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Facts & Profile
Humpback whale Megaptera novaeangliae

The humpback whale (Megaptera novaeangliae) is a species of baleen whale. It is one of the larger rorqual species, with adults ranging in length from 12–16 m (39–52 ft) and weighing around 25–30 metric tons (28–33 short tons). The humpback has a distinctive body shape, with long pectoral fins and a knobbly head. It is known for breaching and other distinctive surface behaviors, making it popular with whale watchers. Males produce a complex song lasting 10 to 20 minutes, which they repeat for hours at a time. All the males in a group will produce the same song, which is different each season. Its purpose is not clear, though it may help induce estrus in females.

Found in oceans and seas around the world, humpback whales typically migrate up to 25,000 km (16,000 mi) each year. They feed in polar waters, and migrate to tropical or subtropical waters to breed and give birth, fasting and living off their fat reserves. Their diet consists mostly of krill and small fish. Humpbacks have a diverse repertoire of feeding methods, including the bubble net technique.

Like other large whales, the humpback was a target for the whaling industry. The species was once hunted to the brink of extinction; its population fell by an estimated 90% before a 1966 moratorium. While stocks have partially recovered to some 80,000 animals worldwide, entanglement in fishing gear, collisions with ships and noise pollution continue to affect the species.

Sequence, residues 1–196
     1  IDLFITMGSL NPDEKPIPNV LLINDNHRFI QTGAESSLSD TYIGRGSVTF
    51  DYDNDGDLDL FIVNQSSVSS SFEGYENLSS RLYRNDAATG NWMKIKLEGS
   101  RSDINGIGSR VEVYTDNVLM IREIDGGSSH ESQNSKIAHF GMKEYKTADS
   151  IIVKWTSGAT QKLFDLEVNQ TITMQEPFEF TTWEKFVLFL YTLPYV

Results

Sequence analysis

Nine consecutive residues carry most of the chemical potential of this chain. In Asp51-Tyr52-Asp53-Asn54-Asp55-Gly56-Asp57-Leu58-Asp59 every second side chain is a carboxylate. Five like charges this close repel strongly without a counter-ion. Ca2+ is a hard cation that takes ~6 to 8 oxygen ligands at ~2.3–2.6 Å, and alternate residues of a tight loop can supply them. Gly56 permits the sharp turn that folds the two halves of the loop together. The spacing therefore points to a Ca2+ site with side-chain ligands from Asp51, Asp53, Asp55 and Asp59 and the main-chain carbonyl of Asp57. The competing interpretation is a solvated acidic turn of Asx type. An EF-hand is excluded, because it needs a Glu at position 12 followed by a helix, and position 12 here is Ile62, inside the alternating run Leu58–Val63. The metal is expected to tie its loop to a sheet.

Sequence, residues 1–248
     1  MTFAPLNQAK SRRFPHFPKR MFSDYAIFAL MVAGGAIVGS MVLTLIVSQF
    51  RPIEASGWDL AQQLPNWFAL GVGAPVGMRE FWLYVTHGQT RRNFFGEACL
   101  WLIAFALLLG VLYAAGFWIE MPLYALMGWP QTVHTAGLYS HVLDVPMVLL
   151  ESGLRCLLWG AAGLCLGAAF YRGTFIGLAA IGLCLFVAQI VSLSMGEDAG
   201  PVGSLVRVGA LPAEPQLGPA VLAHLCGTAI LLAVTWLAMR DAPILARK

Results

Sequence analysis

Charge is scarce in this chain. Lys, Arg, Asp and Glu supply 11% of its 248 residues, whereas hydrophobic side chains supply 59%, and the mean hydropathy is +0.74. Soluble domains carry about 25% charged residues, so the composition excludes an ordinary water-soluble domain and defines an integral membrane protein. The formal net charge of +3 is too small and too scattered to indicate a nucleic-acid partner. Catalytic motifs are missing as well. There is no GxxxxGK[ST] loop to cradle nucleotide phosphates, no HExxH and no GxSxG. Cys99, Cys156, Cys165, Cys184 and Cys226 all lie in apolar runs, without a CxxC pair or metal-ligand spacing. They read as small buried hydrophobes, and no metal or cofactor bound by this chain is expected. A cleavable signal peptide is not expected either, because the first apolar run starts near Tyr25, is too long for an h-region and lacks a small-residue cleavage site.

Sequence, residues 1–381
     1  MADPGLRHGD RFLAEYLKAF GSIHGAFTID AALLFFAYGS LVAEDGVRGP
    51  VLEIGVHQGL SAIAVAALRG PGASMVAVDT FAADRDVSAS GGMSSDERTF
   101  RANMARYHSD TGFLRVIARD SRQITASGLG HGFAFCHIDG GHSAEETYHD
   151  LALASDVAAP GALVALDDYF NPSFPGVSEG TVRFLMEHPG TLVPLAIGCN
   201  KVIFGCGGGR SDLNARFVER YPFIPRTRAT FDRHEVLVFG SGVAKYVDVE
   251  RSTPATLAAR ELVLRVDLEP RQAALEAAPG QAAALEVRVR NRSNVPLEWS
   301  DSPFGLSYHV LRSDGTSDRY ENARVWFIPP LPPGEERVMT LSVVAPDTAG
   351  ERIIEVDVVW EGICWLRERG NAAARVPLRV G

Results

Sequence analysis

Description & appearance

Humpbacks can easily be identified by their stocky body, obvious hump, black dorsal coloring and elongated pectoral fins. The head and lower jaw are covered with knobs called tubercles, which are hair follicles and are characteristic of the species. The fluked tail, which typically rises above the surface when diving, has wavy trailing edges.

Humpbacks have 270 to 400 darkly colored baleen plates on each side of their mouths. The plates measure from 18 in (46 cm) in the front to about 3 ft (0.91 m) in the back, behind the hinge.

Ventral grooves run from the lower jaw to the umbilicus, about halfway along the underside of the body. These grooves are less numerous (usually 14–22) than in other rorquals, but are fairly wide.

The female has a hemispherical lobe about 15 cm (5.9 in) in diameter in her genital region. This visually distinguishes males and females.The male's penis usually remains hidden in the genital slit.